It is the intent of Wright Runstad & Company to provide safe and healthful working conditions for our Tenants. Safety is no accident. Each employee is expected to promote and follow safe work practices.
The Property Management - Tenant relationship is one of mutual dependence and responsibility. This relationship is most important when discussing fire and safety related issues. Tenants depend on Property Management to provide information and instructions on how to respond during an emergency. Similarly, Property Management depends on Tenants to become familiar with this information and participate in evacuation drills and training sessions.
Every company needs an emergency response plan to help protect the safety of employees as well as ensure continuity of business operations. We used the FEMA/American Red Cross free publication "Emergency Management Guide for Business & Industry" to provide the following outline for establishing a Safety Plan for your company.
Step 1: Establish a Planning Team
Determine who will lead the planning process and who will develop each aspect of the emergency response plan. Set calendar dates for each step of the process to keep the planning on track. Establish a budget for all expenses.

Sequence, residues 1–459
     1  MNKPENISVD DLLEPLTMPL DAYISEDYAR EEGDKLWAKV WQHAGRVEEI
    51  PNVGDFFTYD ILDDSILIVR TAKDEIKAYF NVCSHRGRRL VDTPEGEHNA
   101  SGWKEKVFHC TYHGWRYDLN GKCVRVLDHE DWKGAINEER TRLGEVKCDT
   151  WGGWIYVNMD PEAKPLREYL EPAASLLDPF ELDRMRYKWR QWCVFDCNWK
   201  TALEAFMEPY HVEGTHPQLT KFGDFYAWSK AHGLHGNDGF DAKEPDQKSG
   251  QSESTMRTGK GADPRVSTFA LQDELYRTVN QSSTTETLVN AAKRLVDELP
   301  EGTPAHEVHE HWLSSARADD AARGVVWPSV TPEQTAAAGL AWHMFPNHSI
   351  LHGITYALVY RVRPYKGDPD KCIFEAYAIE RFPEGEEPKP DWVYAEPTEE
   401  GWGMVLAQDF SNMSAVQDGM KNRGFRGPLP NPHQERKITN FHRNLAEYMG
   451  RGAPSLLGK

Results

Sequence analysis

Step 2: Analyze Capabilities and Hazards
Review existing internal plans and policies. Meet with outside groups (including Property Management) to determine what resources will be available in an emergency. Identify codes and regulations. Identify critical products, services and operations. Identify internal resources and capabilities. Identify external resources. Do an insurance review. List potential emergencies and assess their impact on people, property and business operations.
Step 3: Develop the Plan
Prepare an Executive Summary for top management. Write out all emergency response procedures as simply and briefly as possible. Establish a training schedule for all employees. Distribute the plan to all appropriate internal and external resources.
Step 4: Implement the Plan
Integrate the plan into company operations. Perform drills and exercises to test the plan; don't wait until an actual emergency to find out your plan has flaws. Incorporate emergency response training into new employee orientation. Evaluate and modify the plan annually.